Making models robust for industrial use
Frank Westad, Idletechs AS, June 26th, 2023
How to make models robust for industrial use
One challenge in modelling and predicting industrial processes is to make the models robust with respect to changes in the environment, process, and initial conditions. Non-robust models can lead to poor prediction accuracy and process monitoring in given situations, and it becomes hard to know if the process is under control.
In this era of deep learning and AI, it is easy to calculate hundreds of models for a given data set by comparing various machine learning methods and tuning the model hyperparameters. Depending on the choice of method(s), these will have various degrees of interpretability and performance.
We advocate for using methods that allow a view into both the sample and variable space for finding sample groups and outliers, making it possible to interpret the partial correlation of the variables/features and confirm findings with domain-specific knowledge, theory and causality.
Nevertheless, there is always a danger of being too optimistic in the training phase, even if one sets aside forty percent of the samples as an independent test set. This becomes especially crucial when repeated thousands of times and one selects the “best” model. Optimistic overfitting with unrealistic prediction results does no one any favors when it fails to deliver in real production conditions.
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In any process, several sources of variation, both known and unknown, will affect the product quality. Examples of known sources of variation are raw material quality, physical sampling, time (which often has an underlying cause), accuracy and precision of the sensors, and the operator’s tuning of the process based on experience (and gut feeling!).
It is paramount to add all qualitative information, such as batch identifiers, to the numerical data as meta-information. In fact, everything one observes in the process should be jotted down as textural information and later put into relevant categories (“too cold in the production hall”, “more noise in the machine than usual”). This is especially important for unwanted events as it provides a better basis for removing samples in the modelling and prediction phase.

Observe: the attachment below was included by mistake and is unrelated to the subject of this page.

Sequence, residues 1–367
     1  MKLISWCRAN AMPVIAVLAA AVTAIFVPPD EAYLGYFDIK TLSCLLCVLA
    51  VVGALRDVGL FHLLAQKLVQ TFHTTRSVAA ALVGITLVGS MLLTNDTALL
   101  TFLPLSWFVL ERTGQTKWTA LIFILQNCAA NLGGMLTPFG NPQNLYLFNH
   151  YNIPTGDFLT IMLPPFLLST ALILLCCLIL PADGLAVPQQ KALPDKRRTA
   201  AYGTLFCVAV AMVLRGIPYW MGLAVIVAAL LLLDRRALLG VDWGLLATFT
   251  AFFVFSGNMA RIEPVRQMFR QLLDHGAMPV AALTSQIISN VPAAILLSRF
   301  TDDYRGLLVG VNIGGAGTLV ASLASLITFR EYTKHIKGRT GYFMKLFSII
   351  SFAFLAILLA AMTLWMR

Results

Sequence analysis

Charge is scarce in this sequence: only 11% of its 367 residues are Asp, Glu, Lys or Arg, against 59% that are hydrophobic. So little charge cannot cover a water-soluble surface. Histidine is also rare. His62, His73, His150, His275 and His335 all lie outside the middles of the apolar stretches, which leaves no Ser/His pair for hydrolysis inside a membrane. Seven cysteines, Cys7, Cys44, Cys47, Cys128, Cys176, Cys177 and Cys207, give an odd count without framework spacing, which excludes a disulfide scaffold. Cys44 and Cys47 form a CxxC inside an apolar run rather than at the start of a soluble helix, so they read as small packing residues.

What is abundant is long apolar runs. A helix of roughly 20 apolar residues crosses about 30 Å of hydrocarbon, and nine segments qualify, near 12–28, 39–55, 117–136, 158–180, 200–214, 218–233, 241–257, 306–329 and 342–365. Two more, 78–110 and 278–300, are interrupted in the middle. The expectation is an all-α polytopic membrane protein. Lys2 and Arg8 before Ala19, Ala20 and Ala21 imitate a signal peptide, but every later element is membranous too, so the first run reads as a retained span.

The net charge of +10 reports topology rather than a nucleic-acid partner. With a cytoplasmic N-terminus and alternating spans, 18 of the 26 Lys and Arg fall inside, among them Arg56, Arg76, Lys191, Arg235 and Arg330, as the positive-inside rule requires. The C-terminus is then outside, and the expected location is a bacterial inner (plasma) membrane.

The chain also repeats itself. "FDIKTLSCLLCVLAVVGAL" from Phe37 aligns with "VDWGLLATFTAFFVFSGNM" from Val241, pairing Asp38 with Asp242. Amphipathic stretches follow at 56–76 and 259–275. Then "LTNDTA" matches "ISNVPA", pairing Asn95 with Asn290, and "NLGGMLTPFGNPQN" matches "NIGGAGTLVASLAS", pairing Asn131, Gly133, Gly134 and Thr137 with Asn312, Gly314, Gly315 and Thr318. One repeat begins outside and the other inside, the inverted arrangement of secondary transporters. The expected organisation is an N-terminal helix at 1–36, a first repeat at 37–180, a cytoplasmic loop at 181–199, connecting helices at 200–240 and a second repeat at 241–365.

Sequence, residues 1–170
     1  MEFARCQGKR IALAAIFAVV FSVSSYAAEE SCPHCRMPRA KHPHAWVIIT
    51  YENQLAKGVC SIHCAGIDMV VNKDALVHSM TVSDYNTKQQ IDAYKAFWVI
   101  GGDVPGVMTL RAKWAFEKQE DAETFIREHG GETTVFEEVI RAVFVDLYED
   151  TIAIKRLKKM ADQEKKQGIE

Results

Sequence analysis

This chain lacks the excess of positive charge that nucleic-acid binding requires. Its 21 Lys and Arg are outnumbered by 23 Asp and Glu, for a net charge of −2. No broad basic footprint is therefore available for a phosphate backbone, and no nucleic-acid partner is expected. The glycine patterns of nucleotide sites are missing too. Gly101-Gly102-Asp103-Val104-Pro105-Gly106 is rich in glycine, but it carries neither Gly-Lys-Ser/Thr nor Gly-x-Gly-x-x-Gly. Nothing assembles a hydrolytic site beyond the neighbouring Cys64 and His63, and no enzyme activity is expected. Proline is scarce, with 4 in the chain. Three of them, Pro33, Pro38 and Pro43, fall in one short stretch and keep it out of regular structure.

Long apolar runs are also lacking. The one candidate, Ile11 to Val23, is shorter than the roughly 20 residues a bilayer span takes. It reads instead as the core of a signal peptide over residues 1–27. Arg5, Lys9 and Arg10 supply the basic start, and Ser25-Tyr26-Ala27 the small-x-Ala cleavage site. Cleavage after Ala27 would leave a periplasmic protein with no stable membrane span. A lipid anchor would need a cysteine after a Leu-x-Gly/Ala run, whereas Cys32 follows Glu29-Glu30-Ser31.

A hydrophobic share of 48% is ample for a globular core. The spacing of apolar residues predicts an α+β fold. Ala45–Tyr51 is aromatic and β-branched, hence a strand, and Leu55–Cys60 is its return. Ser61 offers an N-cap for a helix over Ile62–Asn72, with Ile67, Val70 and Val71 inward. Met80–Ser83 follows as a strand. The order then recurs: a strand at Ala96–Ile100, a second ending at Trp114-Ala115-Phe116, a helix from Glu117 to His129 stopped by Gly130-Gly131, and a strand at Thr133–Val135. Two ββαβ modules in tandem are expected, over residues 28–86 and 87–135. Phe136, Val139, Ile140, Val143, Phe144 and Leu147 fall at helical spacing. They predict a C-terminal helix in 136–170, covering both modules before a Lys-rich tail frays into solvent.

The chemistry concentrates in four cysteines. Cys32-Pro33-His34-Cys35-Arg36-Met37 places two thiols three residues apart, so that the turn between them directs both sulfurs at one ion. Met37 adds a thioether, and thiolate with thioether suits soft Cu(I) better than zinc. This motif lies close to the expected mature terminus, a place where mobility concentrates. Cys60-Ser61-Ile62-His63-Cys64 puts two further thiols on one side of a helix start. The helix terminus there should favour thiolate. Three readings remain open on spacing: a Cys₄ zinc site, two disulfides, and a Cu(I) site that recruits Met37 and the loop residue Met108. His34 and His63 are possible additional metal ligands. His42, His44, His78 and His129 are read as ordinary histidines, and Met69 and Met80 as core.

One should never remove samples based on some statistical outlier criteria only because then “the model gets better”.
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So how can one make the models robust towards future sources of variation or when the model parameters are tweaked?
The answer is merely common sense: validate the model given the different sources of variation. As scientists, we are concerned with repeatability and reproducibility in our reference measurements in the laboratory. However, in most cases, the main reason for a non-robust model/process is all other sources of variation, as exemplified above. Therefore, the model should be validated by stratifying the samples according to qualitative meta-information. In this way, the most important sources of variation can be assessed.
For all real processes, there will be one or more reasons for grouping samples; this is why the thousand times split into training and test set might be too optimistic at the expense of reduced prediction accuracy.
Specific considerations during model validation must be taken for processes with known time dependencies. One example is the prediction of the output effect of wind turbines in three wind farms three days ahead. Assuming that data for ten years have been collected, one may validate at various levels. The options one obviously should NOT do is to random sample and define training and test sets repeatedly.
Some ways to stratify the samples are:
- Make a model on two wind farms by setting aside farm three as a test set. The two other farms should be validated by keeping one out and predicting the other (segmented cross-validation)
- Cross-validate the first eight years and predict the two other years.
- Validate across month
- Validate across daytime/nighttime.
Note that in all these cases, the results might be too optimistic if the training set is not validated given the actual stratification (farm, year, month, day), although a test set has been defined.
One challenge in selecting a “sub-optimal” model is that only when applying the model for future scenarios can it be documented that a conservative model is more robust. In discussion with colleagues, it is better that we internally point out these challenges than if our customers question our product quality. As the English would say: “the proof of the model lies in the prediction”.
The use of Design of Experiments (DoE) may give insight into the essential sources of variation and understanding of causality in the process. However, applying DoE in full-scale production by tweaking the process settings may lead to out-of-spec products, which comes at a cost that may hinder the practical use of DoE.
Another approach is to make use of digital twins and simulate the process for future conditions. However, this is a topic for another article.
 Westad, F. and Marini f., 2015. Validation of Chemometric Models – A Tutorial. Anal. Chim. Acta 893 p. 14–24. doi: 10.1016/j.aca.2015.06.056.
 Stone, M, 1974. Cross-Validatory Choice and Assessment of Statistical Predictions. J. R. Stat. Soc. Ser. B Methodol. 36 (2), 111–133. doi:10.1111/j.2517-6161.1974.tb00994.x
Frank WestadIdletechs AS
Frank Westad is Idletechs’ lead data analyst (CDO). He has more than 30 years of applied experience within data analysis for different industrial applications, including process industry. Frank is also holding a part-time position as professor at the Department of Engineering Cybernetics at the Norwegian University of Science and Technology, Trondheim Norway, where he teaches Design of Experiments and multivariate analysis/machine learning.